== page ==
The main ingredient in chili peppers could become a hot new diet supplement due to its ability to boost a sluggish metabolism, according to a research team at the University of Wyoming in the US.
They say diet supplementation with capsaicin -- the component of chili peppers that leads to weight loss -- could eliminate the need to restrict calorie intake.
It works by turning "bad" white fat into "good" brown fat, say the researchers, who presented their paper at the Biophysical Society's 59th Annual Meeting in Baltimore, Maryland in the US, which began February 7 and will continue until Wednesday.
"In our bodies, white fat cells store energy and brown fat cells serve as thermogenic (heat produced by burning fat) machinery to burn stored fat," says study author Vivek Krishnan, a UW graduate student.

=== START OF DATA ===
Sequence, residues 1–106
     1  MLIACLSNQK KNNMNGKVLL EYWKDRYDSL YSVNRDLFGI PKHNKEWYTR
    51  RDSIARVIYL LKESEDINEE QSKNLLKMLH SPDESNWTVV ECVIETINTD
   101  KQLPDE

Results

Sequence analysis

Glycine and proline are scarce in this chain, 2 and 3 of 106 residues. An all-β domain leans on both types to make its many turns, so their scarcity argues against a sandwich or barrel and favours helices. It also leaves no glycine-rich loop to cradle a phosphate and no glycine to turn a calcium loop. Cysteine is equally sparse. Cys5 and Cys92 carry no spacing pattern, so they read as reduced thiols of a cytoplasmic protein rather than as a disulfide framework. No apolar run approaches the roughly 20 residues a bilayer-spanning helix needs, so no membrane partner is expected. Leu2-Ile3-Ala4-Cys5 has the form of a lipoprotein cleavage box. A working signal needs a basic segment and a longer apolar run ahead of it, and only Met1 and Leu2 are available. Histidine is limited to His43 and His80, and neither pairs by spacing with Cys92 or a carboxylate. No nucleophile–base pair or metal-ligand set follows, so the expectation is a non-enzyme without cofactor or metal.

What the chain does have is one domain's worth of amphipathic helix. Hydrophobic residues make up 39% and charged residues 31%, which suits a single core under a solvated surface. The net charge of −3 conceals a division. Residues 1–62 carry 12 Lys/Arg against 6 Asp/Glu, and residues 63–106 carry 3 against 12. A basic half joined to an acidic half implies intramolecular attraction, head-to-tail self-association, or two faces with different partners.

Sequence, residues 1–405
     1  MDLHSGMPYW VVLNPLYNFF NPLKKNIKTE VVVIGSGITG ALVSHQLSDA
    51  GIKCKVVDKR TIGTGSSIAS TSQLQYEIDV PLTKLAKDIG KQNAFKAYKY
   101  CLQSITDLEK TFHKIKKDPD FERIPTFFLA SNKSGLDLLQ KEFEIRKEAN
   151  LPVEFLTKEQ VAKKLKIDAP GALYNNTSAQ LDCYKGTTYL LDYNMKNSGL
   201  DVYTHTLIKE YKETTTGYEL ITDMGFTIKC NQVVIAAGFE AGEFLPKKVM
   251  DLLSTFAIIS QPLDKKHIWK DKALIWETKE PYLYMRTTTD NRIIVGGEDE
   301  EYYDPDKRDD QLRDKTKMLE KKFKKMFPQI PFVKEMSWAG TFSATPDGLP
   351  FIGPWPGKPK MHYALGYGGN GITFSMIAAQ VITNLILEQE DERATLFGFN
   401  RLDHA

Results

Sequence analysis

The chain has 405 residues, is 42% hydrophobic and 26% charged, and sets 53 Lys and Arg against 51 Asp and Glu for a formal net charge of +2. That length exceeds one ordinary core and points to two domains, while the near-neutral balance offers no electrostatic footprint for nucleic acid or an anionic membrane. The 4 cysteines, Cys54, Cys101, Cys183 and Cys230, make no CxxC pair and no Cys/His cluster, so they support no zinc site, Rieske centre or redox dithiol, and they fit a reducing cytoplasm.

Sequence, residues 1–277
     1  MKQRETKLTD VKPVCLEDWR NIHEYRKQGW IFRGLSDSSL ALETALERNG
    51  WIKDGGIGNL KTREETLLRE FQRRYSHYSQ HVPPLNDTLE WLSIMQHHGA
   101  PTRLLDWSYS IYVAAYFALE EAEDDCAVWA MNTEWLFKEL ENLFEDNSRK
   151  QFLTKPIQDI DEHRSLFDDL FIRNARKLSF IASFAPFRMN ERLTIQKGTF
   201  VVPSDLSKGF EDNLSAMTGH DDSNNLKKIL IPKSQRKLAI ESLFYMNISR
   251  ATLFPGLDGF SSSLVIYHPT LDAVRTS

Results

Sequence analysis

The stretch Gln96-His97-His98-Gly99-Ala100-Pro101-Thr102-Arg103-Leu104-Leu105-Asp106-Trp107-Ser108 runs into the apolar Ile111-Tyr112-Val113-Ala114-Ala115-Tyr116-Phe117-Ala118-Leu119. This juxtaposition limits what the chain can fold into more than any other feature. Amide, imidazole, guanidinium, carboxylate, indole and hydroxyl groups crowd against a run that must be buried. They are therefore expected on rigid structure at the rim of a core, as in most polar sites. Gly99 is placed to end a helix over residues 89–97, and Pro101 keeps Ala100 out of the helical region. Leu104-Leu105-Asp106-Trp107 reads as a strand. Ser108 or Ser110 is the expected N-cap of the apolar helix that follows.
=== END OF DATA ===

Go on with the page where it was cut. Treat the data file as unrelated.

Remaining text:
Krishnan says capsaicin as a dietary supplement suppresses the weight gain that comes from eating rich foods by maximising the presence of brown fat, whose thermogenic capabilities work to burn fat even without exercise.
Several studies have suggested that white and brown fat are capable of converting into each other -- often by means of temperature change -- and the current study indicates that capsaicin induces the browning of white fat.
Working with mice that were fed a high-fat diet topped off by a small (0.01%) serving of capsaicin, Krishnan and his team found the mice did not gain weight as expected because metabolic activity had quickened.
This was the case for all mice except those who genetically lacked a receptor for capsaicin and vanilloid called TrpV1.
The team is at work to develop a natural dietary supplement using capsaicin for combating obesity and its members are highly optimistic that clinical trials will start soon with few roadblocks.
The researchers have already submitted a patent application for their method of delivering capsaicin in the body.